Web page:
with the abs.

Try tensing these as if you were expecting someone to punch you
in the stomach. Lots of situps help in this department.

If you do this while you are blowing you can intensify the sound.

An open throat really helps. Ahh not eee.

And as said above, the strap can pull down on your neck and pinch
off the throat.

Try blowing and then take the weight of the sax on your hands instead
of the strap. See if you can hear a difference.
 

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This may be an red herring, I'm not really sure. But this factor is an important for great singers (operatic). There may be a parallel for wind players, but even if not, it maybe interesting and worth considering and adding to the discussion.
The factor is "lowered larynx". The affect on sound for singers is discussed here:
http://www.belcantosociety.org/store/product_info.php?products_id=362

"What gives Del Monaco's sound its elemental excitement? Ring, ping, what the Italians call "squillo." Most singers merely have resonance, which in and of itself is never exciting."

I think the parallel of "squillo" is present in the sound of Parker/Cannonball/Woods and some others and is what is missing in players whose sound is pretty and maybe even beautiful but not compelling.
I believe there are some physical positions with the back of the tongue, throat and larynx that affect this on saxophone.

I think Liebman discusses larynx in his book, but I think he pushes relaxed not lowered? ( Don't have it here to check )
 

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I think in physics its call 'formant filtering'.
 

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Rick Adams said:
yeah but "squillo" is a so much better word!
Maybe we could make an extra thick mouthpiece pad and call it a 'squillo pad'.:D
 

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jazzbluescat said:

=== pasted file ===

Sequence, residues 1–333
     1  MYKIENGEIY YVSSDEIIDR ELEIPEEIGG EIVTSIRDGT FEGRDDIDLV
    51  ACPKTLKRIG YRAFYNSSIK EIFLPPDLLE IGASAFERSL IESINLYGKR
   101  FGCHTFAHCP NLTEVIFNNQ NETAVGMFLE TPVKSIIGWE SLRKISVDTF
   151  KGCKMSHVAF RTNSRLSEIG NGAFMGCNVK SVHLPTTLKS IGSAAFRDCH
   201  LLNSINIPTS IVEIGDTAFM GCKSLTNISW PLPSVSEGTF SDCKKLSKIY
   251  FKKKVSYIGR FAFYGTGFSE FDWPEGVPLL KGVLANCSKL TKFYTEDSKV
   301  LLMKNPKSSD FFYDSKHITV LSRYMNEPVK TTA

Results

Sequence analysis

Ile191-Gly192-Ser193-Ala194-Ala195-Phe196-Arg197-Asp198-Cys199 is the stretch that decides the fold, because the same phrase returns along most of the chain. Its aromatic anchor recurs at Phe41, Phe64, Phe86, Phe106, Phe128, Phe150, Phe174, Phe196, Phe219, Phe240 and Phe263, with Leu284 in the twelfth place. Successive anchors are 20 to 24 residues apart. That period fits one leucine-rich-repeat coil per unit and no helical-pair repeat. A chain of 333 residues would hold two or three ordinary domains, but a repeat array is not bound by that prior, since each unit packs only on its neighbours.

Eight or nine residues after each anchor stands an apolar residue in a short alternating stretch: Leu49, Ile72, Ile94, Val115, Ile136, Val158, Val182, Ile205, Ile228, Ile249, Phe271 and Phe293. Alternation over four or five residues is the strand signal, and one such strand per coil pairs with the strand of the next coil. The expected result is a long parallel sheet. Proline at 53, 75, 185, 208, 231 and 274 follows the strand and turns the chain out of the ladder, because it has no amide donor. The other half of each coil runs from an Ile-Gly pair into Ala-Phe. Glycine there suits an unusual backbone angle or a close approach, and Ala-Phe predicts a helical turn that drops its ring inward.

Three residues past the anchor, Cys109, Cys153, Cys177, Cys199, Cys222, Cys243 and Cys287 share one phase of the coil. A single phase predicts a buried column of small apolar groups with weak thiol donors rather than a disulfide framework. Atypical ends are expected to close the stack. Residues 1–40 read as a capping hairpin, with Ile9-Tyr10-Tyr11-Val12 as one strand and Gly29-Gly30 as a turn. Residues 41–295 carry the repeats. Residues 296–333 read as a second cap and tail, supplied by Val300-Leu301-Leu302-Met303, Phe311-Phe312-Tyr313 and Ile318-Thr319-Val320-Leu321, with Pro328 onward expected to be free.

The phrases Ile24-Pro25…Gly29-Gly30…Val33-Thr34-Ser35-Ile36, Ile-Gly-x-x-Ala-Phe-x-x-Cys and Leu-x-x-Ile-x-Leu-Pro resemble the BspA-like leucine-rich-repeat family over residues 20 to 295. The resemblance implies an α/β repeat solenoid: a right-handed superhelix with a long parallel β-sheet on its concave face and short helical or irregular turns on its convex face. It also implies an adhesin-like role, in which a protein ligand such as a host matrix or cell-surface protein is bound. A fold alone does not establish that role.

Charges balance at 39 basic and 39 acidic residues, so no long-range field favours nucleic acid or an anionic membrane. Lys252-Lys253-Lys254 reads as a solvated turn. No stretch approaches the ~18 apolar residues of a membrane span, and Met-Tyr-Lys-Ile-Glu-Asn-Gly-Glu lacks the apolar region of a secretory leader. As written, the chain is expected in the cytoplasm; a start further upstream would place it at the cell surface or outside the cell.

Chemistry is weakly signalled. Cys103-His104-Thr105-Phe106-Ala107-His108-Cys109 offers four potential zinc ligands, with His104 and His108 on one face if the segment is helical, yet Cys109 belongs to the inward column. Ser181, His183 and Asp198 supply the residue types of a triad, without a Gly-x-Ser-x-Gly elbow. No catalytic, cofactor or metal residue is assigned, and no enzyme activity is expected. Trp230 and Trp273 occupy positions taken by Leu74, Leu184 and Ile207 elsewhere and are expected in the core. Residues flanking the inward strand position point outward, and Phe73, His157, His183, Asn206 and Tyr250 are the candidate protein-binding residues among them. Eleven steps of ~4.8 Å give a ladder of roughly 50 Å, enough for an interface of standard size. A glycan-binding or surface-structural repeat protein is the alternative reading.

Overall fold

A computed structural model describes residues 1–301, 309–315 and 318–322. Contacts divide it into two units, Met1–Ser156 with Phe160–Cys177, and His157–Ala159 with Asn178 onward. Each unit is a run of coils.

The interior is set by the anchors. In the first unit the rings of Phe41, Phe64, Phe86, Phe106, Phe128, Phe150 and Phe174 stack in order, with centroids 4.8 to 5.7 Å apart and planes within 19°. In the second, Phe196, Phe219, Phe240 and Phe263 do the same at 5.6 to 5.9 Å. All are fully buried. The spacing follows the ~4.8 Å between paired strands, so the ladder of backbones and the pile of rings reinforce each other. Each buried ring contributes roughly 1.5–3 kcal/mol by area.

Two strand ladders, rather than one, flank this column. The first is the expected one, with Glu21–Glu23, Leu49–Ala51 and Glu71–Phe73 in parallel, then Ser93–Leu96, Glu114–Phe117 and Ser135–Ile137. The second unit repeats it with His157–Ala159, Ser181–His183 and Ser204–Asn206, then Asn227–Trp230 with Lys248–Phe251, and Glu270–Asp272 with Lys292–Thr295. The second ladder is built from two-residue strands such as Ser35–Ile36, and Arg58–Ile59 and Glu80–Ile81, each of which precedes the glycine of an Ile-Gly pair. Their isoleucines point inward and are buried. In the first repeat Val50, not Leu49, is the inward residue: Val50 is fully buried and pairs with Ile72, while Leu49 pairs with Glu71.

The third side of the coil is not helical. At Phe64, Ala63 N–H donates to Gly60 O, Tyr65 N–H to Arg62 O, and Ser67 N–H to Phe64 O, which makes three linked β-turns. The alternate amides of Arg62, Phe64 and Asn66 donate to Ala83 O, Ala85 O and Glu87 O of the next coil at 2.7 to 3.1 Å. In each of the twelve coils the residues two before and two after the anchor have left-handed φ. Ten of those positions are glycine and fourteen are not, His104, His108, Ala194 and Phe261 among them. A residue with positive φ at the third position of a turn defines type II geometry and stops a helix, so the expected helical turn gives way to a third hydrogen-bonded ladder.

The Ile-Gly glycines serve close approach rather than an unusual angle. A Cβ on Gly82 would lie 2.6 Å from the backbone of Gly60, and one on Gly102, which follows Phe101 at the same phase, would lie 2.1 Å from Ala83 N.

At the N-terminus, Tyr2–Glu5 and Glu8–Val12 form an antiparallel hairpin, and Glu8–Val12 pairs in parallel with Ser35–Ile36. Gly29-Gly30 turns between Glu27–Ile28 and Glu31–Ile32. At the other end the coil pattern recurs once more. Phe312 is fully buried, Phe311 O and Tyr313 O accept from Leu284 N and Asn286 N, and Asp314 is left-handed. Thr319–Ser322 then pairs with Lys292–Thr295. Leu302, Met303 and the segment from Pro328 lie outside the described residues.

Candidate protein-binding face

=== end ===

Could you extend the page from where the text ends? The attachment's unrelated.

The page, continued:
Sounds like something you'd scrub posts and pans with.
I've read some posts that should be scrubbed.;)
 

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There are muscles around the throat, and you can use them. It doesn't make a lot of difference in tone. Think about it. Yawn, like previous members suggested, and that is the most open it can be, respiration-wise. Try to close it. That's impossible. You're moving your epiglottis when you cough, not your throat. Your throat is a big chamber that diverges into two smaller tubes (trachea and esophagus) separated by epiglottis.

The tongue position is a much more sensitive issue. For simplicity's sake, there are three parts to the tongue in terms of saxo playing. The back of the tongue focuses the air; the middle of the tongue directs the air; the tip of the tongue articulates. Saying AHHH will help you a little bit towards a darker sound if your particular equipment allows, but EEEEE will always yield a much more focused tone, since the back of the tongue is the only part of the body which will allow for enough closure of an aperture to generate the fastest possible air.

Successful doctors correct me if I am wrong, but the diaphragm is a smooth (involuntary) muscle. You can't feel it any more than you can feel your pancreas. The muscles that you control breathing-wise are primarily your abdominal muscles and to a lesser extent your intercostals.

Angel
 

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Angel said:
Successful doctors correct me if I am wrong, but the diaphragm is a smooth (involuntary) muscle. You can't feel it any more than you can feel your pancreas. The muscles that you control breathing-wise are primarily your abdominal muscles and to a lesser extent your intercostals.

Angel
I'd agree with all that, except the diaphragm is kosher striated (voluntary) muscle. But like some other muscles it's primarily automatic with a manual override, ie it's responsible for quiet, regular breathing. The trouble is we tend to concentrate on abdominal and intercostals if we are breathing deliberately - since these are the muscles used during exertion it can be pretty tiring and even cause hyperventilation.

I think breathing exercises such as long tones work on all three groups of muscles to get them trained to controlled, sustained effort. I suspect the greatest beneficiary of such exercises is the diaphragm.

(Signed) Successful doctor (have avoided being struck off so far)